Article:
The region of Cappadocia is bordered by Mt. Erciyes to the east and Mt. Hasan to the west. These formerly active volcanoes were instrumental in creating the strange topography that Cappadocia is known for. Three million years ago, eruptions spewed out tons of ash that settled and hardened into a soft rock called tuff. Other eruptions covered the tuff with layers of lava, which cooled into basalt, a much harder rock. In the millennia after these eruptions, wind and rain eroded much of the tuff, leaving the harder basalt. The “Fairy Chimneys” here are cones of tuff topped by caps of basalt.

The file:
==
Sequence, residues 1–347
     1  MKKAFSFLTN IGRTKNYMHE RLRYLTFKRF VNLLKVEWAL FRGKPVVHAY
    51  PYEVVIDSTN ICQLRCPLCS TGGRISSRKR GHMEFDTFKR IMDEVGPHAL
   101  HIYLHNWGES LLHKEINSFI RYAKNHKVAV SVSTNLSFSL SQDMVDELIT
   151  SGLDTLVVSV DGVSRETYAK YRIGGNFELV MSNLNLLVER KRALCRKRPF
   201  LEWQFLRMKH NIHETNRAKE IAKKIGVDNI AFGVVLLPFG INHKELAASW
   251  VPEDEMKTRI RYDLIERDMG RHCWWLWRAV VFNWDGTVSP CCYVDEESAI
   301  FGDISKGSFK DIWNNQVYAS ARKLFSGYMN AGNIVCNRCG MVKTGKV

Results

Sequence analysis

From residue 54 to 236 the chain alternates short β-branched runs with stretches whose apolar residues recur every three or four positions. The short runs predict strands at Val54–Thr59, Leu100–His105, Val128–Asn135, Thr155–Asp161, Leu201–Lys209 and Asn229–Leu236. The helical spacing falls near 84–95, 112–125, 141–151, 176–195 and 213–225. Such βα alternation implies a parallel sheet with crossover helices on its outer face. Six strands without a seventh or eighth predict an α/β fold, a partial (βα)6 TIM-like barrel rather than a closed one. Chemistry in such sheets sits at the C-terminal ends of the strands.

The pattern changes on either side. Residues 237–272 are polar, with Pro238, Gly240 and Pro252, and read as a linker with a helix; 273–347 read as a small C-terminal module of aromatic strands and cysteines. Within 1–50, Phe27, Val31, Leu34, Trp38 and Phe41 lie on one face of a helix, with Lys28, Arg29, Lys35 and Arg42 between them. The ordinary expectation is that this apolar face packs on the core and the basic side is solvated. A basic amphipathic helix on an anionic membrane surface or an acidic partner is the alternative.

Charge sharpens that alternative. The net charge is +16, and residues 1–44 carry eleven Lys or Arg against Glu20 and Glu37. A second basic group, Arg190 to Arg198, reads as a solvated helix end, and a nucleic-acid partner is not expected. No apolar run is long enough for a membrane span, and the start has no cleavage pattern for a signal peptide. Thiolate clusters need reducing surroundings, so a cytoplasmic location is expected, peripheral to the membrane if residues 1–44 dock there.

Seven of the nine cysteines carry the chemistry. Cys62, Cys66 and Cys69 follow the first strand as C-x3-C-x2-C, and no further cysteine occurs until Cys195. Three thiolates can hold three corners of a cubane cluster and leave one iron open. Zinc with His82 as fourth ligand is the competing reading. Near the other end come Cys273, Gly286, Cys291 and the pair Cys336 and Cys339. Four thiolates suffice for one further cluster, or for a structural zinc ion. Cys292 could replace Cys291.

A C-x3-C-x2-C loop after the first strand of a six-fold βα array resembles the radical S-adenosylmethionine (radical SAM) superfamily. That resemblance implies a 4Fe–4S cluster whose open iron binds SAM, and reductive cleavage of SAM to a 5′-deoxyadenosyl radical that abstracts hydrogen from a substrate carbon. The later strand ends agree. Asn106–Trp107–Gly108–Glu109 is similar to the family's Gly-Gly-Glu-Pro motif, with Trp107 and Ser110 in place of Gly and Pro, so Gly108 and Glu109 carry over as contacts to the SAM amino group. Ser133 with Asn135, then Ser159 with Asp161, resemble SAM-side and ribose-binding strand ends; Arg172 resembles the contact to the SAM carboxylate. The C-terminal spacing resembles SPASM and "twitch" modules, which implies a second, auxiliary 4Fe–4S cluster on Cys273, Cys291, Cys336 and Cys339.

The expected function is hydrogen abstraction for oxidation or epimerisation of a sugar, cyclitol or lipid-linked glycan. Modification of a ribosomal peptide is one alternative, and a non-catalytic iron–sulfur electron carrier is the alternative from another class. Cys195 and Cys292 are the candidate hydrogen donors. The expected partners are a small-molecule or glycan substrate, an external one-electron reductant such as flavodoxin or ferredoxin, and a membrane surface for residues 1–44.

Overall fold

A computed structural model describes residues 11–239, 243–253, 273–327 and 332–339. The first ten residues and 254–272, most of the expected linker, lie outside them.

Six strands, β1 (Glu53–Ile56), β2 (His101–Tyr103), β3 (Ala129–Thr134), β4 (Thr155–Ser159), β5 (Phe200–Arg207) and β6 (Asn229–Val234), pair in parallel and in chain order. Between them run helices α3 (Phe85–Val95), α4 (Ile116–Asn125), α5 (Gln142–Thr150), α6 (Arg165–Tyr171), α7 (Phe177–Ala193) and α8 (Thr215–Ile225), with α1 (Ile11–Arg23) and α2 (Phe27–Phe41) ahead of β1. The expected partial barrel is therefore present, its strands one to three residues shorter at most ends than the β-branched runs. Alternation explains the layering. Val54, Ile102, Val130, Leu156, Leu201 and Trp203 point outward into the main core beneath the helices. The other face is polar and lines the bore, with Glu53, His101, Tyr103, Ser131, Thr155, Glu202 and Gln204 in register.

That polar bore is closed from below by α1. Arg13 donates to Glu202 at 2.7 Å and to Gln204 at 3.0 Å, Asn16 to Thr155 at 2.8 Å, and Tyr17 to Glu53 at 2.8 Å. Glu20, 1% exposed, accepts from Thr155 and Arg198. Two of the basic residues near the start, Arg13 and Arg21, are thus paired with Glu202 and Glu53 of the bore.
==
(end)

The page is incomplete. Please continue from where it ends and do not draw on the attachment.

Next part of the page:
Tuff is easy for people to carve, and they have been doing just that since at least the time of the Hittites in 1600 BC. Cave-homes were carved from rock cones, their entrances hidden by stones. During the Christian era, underground monasteries and churches were dug out and decorated with frescoes that remain bright even today.
PUBLISHED: July 22, 2013